Research study aiming at helping people on sick leave with musculoskeletal disorders return to work

Researchers from the MUSK health research group at OsloMet – Oslo Metropolitan University have started a new study with the aim of identifying ways to help people who are on sick leave with musculoskeletal disorders return to work. The study will test two different interventions. All participants will receive usual follow up from NAV and can continue with any ongoing medical treatment while the study interventions are given.

You can find more information about the study on the following link:


Vocational advice from physiotherapist

The physiotherapist will discuss your health and work situation and try to help you find solutions to get back to work.

The physiotherapist does not have any connection to NAV or your employer.


Confidentiality: The physiotherapist is bound by law to follow high standards of confidentiality and can’t share information with your employer or NAV without your consent.


What can the physiotherapist do?

  • Discuss concerns you have regarding health and work.

  • Identify obstacles and possible solutions for returning to work.

  • Support you to make a return to work plan with your employer or support the implementation of an existing plan.

  • Suggest actions to help you return to work e.g. suggest adaptions to your work situation, give advice regarding treatment and how to cope with your health problems.


If you consent the physiotherapist can also:

  • Collaborate with your doctor or other health care professionals.

  • Collaborate with your employer.


What can you do to get back to work sooner?

  • Keep in contact with your workplace and colleagues. You and your employer are responsible for making a return to work plan (oppfølgingsplan). Your employer is responsible for making adaptions to your work (e.g. hours, physical tasks, ergonomics), where possible, if this would help you return to work sooner. Your duty is to collaborate with your employer to explore the options and agree to any temporary or permanent changes.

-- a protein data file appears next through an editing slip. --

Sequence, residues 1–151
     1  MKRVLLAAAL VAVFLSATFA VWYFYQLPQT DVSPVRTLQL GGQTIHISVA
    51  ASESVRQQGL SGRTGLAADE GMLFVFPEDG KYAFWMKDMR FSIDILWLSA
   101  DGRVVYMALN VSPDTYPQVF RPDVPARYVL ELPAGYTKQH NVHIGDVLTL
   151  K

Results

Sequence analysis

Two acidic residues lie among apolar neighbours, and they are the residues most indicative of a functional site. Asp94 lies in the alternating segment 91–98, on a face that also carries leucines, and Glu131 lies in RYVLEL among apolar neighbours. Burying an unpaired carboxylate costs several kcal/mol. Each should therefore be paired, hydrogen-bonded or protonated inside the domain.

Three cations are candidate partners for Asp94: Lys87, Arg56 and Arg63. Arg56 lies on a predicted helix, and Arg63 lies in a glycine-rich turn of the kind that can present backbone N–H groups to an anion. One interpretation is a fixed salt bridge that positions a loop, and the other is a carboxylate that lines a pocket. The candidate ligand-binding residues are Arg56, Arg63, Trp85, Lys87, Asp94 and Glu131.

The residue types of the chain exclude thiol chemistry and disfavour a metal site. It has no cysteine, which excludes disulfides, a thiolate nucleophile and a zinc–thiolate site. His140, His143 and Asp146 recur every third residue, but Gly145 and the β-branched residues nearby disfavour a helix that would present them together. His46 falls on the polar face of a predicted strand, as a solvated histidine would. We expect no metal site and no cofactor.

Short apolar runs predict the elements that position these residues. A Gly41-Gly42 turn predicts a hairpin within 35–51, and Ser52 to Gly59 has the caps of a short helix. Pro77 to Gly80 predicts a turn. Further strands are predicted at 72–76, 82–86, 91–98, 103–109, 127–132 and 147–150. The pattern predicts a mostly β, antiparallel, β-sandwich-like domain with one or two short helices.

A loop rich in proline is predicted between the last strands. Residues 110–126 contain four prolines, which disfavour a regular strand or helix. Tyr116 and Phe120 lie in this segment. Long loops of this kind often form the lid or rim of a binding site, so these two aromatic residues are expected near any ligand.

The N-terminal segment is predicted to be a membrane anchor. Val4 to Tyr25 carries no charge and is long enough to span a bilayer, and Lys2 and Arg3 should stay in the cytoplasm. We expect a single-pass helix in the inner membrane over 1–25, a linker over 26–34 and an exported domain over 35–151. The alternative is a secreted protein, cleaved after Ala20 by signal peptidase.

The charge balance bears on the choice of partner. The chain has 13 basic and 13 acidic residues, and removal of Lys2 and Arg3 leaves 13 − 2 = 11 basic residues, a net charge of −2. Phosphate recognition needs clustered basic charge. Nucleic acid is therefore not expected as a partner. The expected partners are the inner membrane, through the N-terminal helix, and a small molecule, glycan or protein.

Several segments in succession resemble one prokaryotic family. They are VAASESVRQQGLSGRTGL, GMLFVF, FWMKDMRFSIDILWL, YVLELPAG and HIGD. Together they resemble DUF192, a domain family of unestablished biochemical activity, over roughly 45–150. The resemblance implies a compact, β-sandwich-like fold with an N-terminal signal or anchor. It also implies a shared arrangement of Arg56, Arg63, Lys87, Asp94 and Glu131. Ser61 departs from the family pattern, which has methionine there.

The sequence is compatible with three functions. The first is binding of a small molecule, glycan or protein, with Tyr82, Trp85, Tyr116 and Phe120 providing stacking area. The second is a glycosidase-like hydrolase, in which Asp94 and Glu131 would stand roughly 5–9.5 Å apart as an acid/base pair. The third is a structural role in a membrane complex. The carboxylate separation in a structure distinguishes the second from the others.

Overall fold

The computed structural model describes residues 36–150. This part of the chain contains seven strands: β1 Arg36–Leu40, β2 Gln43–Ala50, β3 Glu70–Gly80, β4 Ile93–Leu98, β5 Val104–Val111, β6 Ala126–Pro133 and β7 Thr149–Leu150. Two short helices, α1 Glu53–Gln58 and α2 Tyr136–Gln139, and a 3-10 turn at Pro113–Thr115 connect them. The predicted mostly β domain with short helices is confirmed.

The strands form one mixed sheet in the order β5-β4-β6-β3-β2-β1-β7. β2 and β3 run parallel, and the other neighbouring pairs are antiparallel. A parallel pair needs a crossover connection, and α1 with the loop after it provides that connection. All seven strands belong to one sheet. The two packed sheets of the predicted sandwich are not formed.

• Talk to your doctor or physiotherapist about how they can help you get back to work. You know your work best. Discuss which parts of your job you can do now and what modifications might help you get back to work. Ask for treatment(s) designed to get you ready for work.

  • Gradually increase your activity level. Start with the activities you find easy, and do a bit more each day. You will have good days and bad days. Try to keep active also on the bad days. Vary between rest and activity. It is common to have set backs - so don’t give up!

Evidence based information about work and health

  • Research shows that in general work is good for mental and physical health. Work is important for self-esteem and quality of life.

  • Being absent from work can have negative effects on health and wellbeing.

  • Musculoskeletal disorders are very common and all of us suffer these kinds of problems at some time in our life.

  • The pain can be very distressing and may make life and work difficult, but there is usually no serious disease or lasting damage. Most episodes end quickly, though some symptoms may continue or come back from time to time.

  • We have good evidence that returning to work as soon as possible helps recovery, and is the best way to avoid long-term sickness absence.


Below are some unhelpful myths which can cause unnecessary fear and uncertainty:

  1. Common health problems are caused by work: Usually they are not. Some types of work can make the symptoms feel worse, but work does not usually cause these common health problems.  

  2. Work will make my condition worse: Most people with musculoskeletal disorders can continue working. In many cases going back to work can help you feel better.

  3. You should not go back to work until you are fully recovered: Usually the opposite is true. Work can be part of treatment. Getting back to work and activity can help you recover. Adjustments to your work can make it possible to return to work sooner.

  4. A sick certificate (sykemelding) means that you must not work: A sick certificate is not an order from your doctor to stay away from work, it only means you are entitled to sick pay. You can return to work as soon as you are ready.